Protecting the Monarch

Protecting the Monarch butterflyLast night, in a quiet room at a local Dallas church, a group of residents gathered to kick-off the first of many meetings aimed at protecting the Monarch butterfly.  RSVPs put the count around 40; by the time it was over, over 7- packed the room.

Individuals from about two-dozen groups representing gardeners, naturalists, food advocates, educational facilities, conservation and advocacy groups, at least four cities, a museum, botanical and aviary institutions, several local nurseries and design groups, and neighborhoods across North Texas were on hand.

Protecting the Monarch

Randy Johnson discusses Monarch migration.

Dallas Zoo Horticulturist Randy Johnson, Organic Randy as he’s known to some, gave a very informative talk on the dos and don’ts of yard care to foster healthy habitats for this threatened yet graceful creature.  Those interested in seeing Randy’s presentation can download it here: Managing For Monarchs

Ms. Grace Barnett of the Natural Wildlife Federation then lead everyone through an exercise to envision a Dallas that has championed Monarch protection.  The groups each shared their visions with the room.

Wrapping up the meeting were members from the City’s Office of Environmental Quality who thanked everyone for their time and encouraged them to stay engaged and to contact their local representatives to express their support for the Mayors’ Monarch Pledge and this effort.

The Mayors’ Monarch Pledge

Dallas Mayor Mike Rawlings took the Mayors’ Monarch Pledge and put Dallas in the Leadership Circle with the National Wildlife Federation this winter.  The City has committed to at least 10 different initiatives that will raise awareness on the threats facing this graceful sky-dancer during its annual migration.  It is hoped these measures, outlined below, will be successful in protecting the Monarch from further harm and create a safe “butterfly way” through North Texas:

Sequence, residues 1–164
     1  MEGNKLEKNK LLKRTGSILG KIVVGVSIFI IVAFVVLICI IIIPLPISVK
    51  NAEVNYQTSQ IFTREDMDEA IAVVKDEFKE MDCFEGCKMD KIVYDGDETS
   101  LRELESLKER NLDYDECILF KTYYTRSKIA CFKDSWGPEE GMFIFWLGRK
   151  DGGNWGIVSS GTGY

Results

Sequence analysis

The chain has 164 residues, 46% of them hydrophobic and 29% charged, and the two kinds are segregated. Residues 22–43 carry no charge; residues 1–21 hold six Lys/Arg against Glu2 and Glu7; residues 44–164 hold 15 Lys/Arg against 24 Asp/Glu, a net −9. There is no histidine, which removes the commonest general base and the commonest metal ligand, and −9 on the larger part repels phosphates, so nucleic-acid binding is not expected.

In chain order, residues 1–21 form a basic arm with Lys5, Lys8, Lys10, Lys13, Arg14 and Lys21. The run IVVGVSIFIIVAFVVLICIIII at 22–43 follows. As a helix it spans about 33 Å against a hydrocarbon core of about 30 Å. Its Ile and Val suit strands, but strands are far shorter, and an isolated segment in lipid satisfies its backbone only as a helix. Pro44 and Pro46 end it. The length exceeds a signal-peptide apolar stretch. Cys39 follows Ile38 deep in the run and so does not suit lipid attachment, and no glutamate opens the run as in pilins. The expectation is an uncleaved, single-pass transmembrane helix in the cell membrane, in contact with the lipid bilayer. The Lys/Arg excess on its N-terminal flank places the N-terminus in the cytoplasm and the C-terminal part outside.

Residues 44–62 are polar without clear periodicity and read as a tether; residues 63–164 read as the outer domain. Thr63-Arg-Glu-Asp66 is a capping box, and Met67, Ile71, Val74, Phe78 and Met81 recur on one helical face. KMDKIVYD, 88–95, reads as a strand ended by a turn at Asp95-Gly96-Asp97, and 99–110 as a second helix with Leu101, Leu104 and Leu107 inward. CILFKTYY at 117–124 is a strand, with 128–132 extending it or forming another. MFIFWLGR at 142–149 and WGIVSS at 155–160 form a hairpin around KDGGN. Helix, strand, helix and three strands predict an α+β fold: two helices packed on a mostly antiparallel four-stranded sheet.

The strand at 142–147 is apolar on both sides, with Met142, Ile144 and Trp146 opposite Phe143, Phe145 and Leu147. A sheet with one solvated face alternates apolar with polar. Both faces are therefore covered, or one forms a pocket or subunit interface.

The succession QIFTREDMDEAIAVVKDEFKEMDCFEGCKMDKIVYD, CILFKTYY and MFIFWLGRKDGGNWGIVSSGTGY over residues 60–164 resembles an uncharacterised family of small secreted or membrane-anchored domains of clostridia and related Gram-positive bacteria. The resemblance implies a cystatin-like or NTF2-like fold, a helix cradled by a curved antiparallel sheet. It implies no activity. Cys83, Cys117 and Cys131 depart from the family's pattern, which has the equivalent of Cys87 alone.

• launch a public effort to plant Monarch gardens across the city
  • communicate with garden groups to urge them to plant milkweeds
  • hold meetings with gardening leaders to discuss partnerships
  • support milkweed seed collection and planting effort
  • plant a Monarch-friendly garden at City Hall
  • create a Monarch neighborhood challenge
  • add milkweed and nectar-producing plants in community gardens
  • allow for native prairie and plants
  • direct City staff to consider native milkweed and nectar plants at City properties
  • include Monarch conservation in long-range plans, including the City’s Sustainability Plan

Next steps

The next meeting is anticipated to be held in early April.  Details will be placed on the Green Team Calendar.  Those wishing to get involved should sign up for our email communications.  We will only contact you on the topic(s) you have selected.

Group watching  Kicking off  Listening

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